The commander was a man of average height and build, but with coal-black hair and a complexion that was intensely pale, almost pallid. He also had a particularly pronounced version of the exaggerated drawl some segments of the more recent generations of the Star Kingdom's aristocracy had begun affecting. Coupled with a certain supercilious air and a taste for dandyism when it came to the tailoring of his uniforms, that drawl had inspired many an unwary soul to mark him down as some sort of over-bred, self-absorbed, slow-witted drone who'd gotten this far solely on the basis of his prominent family's undoubted political enfluence.

Which, Honor Harrington reminded herself, could be a very unfortunate mistake for someone to make, because one thing he isn't is "slow-witted." On the other hand, she allowed herself a mental grimace, though no sign of it showed on her face, three out of four isn't all that bad. 

"Yes?" Novaya Tyumen asked now, as a hand rose.

"You said 'iffy,' Sir," Lieutenant Hedges said. "Does that mean we may drop below approved minimums?"

"If we dropped below approved minimums, then the weather would scarcely be 'iffy' any longer, now would it, Lieutenant?" Novaya Tyumen observed in that irritating drawl. "In that case, conditions would be definitely unacceptable, and the mission would be scrubbed, no?"

"Ah, yes, Sir." Hedges glanced at his own superior from the corner of one eye, but Honor simply sat there, her expression one of composed attentiveness. She and Novaya Tyumen had enjoyed two or three icy exchanges already. She liked Hedges, and she didn't intend to leave him twisting in the wind if what she expected happened, but she did intend to choose her ground with care. She might be Broadsword's executive officer, but she was also junior to Novaya Tyumen, and BuShips and BuPlan had placed him in command of the evaluation exercise. That made for a somewhat convoluted chain of command, and she'd already discovered that Novaya Tyumen was one of those officers who always pushed the outer limit of his current authority to the max.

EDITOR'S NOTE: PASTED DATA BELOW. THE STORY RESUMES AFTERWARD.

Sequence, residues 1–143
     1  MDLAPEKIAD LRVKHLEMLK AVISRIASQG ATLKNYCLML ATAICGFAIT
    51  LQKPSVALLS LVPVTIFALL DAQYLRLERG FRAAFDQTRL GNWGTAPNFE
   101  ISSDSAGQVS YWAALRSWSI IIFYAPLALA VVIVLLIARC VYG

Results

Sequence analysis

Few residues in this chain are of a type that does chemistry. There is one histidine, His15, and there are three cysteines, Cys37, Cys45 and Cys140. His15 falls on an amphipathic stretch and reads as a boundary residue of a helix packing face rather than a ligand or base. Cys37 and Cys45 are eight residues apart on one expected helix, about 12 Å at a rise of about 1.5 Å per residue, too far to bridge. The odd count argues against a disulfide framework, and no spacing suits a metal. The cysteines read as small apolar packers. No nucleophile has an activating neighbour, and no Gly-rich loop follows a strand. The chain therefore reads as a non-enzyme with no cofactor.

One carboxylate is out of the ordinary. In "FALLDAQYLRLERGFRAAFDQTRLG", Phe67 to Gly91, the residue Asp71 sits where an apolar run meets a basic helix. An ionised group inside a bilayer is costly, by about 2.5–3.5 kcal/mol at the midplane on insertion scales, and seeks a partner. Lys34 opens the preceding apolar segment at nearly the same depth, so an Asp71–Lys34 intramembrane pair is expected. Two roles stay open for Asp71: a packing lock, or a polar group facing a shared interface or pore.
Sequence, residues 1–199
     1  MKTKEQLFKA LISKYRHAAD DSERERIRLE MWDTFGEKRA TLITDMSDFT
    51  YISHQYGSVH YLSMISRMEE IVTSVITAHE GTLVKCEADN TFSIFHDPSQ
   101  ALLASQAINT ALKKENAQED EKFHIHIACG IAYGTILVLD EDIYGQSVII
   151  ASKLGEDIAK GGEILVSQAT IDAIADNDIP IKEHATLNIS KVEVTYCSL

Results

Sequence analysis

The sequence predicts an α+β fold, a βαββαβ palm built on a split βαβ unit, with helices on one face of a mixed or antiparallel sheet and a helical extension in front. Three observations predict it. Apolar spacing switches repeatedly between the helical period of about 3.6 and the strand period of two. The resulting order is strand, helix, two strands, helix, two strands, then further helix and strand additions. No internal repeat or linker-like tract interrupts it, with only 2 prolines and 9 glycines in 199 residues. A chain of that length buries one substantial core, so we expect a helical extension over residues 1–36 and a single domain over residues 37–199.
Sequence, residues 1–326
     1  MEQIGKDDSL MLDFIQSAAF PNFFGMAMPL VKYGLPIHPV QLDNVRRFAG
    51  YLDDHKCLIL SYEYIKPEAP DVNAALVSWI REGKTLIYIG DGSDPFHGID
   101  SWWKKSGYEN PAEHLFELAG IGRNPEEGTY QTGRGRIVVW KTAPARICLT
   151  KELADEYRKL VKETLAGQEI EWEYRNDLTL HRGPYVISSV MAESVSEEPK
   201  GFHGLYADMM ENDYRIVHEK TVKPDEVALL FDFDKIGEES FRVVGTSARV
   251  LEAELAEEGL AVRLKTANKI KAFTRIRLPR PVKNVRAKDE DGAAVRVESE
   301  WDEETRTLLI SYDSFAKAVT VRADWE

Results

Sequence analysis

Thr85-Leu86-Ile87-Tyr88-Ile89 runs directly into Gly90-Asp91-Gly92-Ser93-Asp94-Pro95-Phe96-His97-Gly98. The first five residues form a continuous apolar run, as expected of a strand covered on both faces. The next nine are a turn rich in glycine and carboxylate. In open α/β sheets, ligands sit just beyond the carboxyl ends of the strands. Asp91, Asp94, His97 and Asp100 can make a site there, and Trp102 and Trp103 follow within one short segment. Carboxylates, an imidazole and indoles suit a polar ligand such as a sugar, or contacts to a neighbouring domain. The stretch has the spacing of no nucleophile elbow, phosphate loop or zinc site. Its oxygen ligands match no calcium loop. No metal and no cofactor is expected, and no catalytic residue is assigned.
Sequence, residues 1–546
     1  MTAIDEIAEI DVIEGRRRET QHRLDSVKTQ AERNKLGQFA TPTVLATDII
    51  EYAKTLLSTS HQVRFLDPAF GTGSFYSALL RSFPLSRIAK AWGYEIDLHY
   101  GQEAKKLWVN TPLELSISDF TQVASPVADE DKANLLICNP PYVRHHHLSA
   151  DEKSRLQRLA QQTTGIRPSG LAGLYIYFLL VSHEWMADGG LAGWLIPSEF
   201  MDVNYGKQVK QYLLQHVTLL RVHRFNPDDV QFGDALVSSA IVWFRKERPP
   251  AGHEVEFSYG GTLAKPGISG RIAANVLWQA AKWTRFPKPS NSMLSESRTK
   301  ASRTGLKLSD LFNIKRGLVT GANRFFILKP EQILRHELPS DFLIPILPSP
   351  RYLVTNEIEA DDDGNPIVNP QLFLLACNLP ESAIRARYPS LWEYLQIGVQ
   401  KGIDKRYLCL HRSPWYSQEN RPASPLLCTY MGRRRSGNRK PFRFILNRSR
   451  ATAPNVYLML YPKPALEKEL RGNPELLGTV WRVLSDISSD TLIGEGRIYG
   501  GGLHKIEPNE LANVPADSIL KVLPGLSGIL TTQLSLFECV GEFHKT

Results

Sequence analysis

Hedges wasn't aware of everything that was happening between her and Novaya Tyumen, but he'd obviously figured out there was something more than showed on the surface. Now he glanced at her again, as if seeking some sort of sign, then cleared his throat.

"What I meant to inquire, Sir, was whether or not we should plan for the possibility that we might have to scrub if weather conditions do worsen even further."

"I see." Novaya Tyumen tipped back in his chair and regarded the lieutenant for several seconds, then swiveled his eyes to Honor. She gazed back at him calmly, but the treecat perched on the back of her chair lashed the very tip of his tail back and forth.

Hedges doubted Novaya Tyumen could see that tail from where he sat, yet there was something ominous about his outwardly neutral expression as he gazed at Hedges' immediate superior. Some sort of unspoken hostility seemed to lie between him and Harrington, like dark, black swamp water over a bog of quicksand. As far as Hedges could tell, it came primarily from Novaya Tyumen's side, although it was hard to be sure. The very qualities of self-possession and poise which served Harrington so well in other ways made her emotions damnably hard to read when she chose to conceal them.